DADE CITY — Lawrence Joey Smith hopes his nine years studying in the prison law library are enough to save his life.
He is facing the death penalty for taking the life of one teen and trying to kill another in two execution-style shootings — and he's defending himself.
He's never been to law school — but he sure got schooled on Wednesday.
Smith's penalty phase retrial hasn't even started yet and he may already have blundered.
After the jury was sworn in, Smith insisted that a new exam of old gunshot residue tests taken of his hands nine years ago be introduced as evidence.
Smith argued the tests could show that he didn't fire the gun that killed Robert Crawford, 17, and almost killed Stephen Tuttle, 16, over missing drug money in 1999.
Smith believed the report would show that he only handled the gun, that he didn't have enough gunshot residue on his hands to have been the shooter.
There's two potential problems with that theory: First, Smith has already been convicted of first-degree murder and attempted murder for doing just that.
That conviction was upheld, but his death sentence was overturned in 2004. That's what this retrial is for, to decide again whether he should spend the rest of his life in prison or be put to death for that crime.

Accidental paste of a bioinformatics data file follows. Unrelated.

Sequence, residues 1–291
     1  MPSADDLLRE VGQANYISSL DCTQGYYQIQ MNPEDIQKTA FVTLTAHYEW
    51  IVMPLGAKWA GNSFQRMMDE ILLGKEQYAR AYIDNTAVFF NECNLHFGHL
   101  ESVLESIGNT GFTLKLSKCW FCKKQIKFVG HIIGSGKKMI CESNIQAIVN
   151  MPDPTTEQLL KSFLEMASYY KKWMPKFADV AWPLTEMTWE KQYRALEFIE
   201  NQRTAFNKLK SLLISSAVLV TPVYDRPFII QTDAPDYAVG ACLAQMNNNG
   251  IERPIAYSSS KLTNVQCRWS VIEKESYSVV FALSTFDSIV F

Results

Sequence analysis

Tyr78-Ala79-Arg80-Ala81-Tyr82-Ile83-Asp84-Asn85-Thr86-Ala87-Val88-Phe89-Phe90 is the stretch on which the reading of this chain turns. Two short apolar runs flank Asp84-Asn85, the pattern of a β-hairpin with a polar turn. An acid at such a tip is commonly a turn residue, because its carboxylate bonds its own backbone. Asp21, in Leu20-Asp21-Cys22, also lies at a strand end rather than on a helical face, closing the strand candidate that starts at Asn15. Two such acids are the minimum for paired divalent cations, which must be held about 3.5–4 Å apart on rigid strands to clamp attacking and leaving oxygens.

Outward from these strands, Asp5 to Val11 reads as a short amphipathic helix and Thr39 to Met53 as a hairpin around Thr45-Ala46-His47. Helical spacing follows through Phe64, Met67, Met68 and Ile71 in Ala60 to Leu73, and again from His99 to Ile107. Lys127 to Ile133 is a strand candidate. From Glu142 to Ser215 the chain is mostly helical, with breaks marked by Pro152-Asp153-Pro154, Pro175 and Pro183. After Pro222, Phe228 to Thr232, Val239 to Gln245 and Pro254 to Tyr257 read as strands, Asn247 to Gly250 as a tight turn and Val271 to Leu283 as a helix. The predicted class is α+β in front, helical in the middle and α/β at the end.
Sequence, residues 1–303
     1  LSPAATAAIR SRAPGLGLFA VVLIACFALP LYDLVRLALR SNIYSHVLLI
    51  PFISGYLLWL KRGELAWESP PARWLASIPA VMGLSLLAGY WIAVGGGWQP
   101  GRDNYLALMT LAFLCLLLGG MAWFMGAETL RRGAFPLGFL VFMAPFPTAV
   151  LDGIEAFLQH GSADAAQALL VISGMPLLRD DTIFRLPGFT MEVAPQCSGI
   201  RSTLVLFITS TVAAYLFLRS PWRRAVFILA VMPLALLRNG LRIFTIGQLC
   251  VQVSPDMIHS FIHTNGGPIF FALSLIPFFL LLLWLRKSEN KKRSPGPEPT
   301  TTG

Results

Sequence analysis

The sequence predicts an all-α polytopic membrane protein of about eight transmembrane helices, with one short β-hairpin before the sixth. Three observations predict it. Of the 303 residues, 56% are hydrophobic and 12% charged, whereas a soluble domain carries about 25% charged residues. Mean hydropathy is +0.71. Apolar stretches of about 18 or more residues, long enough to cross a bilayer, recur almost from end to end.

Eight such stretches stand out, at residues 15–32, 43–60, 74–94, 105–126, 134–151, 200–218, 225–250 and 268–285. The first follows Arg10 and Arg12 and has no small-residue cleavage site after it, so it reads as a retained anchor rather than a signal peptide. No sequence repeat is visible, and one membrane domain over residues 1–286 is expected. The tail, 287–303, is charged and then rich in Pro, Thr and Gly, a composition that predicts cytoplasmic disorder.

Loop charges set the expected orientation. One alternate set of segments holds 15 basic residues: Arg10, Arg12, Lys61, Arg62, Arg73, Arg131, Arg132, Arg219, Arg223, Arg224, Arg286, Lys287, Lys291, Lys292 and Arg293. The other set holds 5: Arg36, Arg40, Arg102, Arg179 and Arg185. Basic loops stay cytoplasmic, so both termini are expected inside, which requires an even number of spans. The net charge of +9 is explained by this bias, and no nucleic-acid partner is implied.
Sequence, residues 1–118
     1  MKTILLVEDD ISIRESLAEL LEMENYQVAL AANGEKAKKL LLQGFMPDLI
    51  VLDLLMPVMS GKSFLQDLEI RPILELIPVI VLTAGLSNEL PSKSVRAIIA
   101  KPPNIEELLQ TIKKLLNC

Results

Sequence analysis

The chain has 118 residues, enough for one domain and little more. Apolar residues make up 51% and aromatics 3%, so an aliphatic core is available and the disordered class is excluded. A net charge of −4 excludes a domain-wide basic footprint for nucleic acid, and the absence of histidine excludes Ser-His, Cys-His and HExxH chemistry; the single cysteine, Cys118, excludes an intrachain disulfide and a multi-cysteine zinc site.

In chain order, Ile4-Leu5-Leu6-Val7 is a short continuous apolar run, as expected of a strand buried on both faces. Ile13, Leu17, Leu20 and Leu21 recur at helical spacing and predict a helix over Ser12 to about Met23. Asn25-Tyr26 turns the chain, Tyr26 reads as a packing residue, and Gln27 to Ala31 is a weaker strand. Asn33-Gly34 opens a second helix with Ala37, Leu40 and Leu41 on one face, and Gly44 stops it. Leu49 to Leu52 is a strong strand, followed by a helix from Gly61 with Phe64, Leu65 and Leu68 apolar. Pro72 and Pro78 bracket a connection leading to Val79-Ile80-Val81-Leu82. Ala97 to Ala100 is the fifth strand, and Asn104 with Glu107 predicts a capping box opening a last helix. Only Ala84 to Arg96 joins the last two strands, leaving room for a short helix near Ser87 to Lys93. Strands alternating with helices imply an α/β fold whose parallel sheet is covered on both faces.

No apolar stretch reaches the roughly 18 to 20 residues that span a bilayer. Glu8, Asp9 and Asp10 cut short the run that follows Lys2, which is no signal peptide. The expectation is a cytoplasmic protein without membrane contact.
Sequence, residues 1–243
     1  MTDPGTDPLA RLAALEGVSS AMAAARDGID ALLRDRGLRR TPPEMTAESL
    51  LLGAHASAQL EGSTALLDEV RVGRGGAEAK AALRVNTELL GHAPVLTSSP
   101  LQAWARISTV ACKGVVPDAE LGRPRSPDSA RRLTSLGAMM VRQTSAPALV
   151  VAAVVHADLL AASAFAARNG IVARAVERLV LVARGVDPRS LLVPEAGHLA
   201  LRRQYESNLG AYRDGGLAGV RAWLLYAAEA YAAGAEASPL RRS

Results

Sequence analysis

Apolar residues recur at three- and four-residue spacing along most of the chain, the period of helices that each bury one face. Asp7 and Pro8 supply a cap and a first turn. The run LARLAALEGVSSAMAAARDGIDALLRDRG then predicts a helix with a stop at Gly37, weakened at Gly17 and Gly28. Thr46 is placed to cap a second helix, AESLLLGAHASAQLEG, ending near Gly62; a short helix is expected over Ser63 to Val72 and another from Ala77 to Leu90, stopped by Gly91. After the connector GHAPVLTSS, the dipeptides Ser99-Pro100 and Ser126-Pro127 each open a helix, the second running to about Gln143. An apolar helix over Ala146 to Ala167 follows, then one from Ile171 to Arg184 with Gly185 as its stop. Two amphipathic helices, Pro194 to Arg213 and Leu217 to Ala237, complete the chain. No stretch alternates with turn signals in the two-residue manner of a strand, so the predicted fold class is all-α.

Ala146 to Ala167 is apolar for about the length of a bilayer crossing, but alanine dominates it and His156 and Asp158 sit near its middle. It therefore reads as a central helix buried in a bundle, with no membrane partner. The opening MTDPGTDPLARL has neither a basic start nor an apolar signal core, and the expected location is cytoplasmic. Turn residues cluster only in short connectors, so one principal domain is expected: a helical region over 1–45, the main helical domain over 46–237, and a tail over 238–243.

Second, the report puts the murder weapon in his hand.
That's why defense attorney Keith Hammond, Smith's standby counsel, tried to keep the gunshot report out of the trial — and away from his client.
The report's very existence left Circuit Judge Lynn Tepper bewildered and Assistant State Attorney Manny Garcia livid. Even Smith seemed angry that his standby attorney had withheld it from him. And by introducing it so late, Smith violated a major evidentiary rule that both sides must share everything with each other.
Garcia also feared the report might show that Smith's hands tested negative for gunshot residue.
Then the prosecutor read it.
"I thought it was going to be prejudiced (against the state)," Garcia said, "but now they're saying it's positive for gunshot residue on his right palm."
So Smith, who wanted to argue he wasn't the shooter, handed physical evidence to the prosecution showing he actually did hold the weapon.
"I object to that, your honor," Smith said. "(The prosecutor) is trying to steal my trial strategy and twist it around."
"He's allowed to," the judge said.
"It's underhanded, your honor," Smith said.
"That's what Mr. Hammond was getting at," the judge said. "He didn't want it coming in because he understood it could come back and bite you."
Gunshot residue tests have been deemed forensically unreliable, Hammond said afterward, leaving themselves open to all kinds of interpretations.
Until the report was entered, Hammond said Smith "had the state on the ropes" with the argument that he wasn't the shooter — despite his convictions.
Even in the penalty phase, that still has to be proved beyond a reasonable doubt, the lawyer said. The defense's strategy was to introduce doubt about that fact, even though two unindicted co-defendants and the surviving victim will testify that Smith was the shooter.
Jamal Thalji can be reached at firstname.lastname@example.org or (727) 869-6236.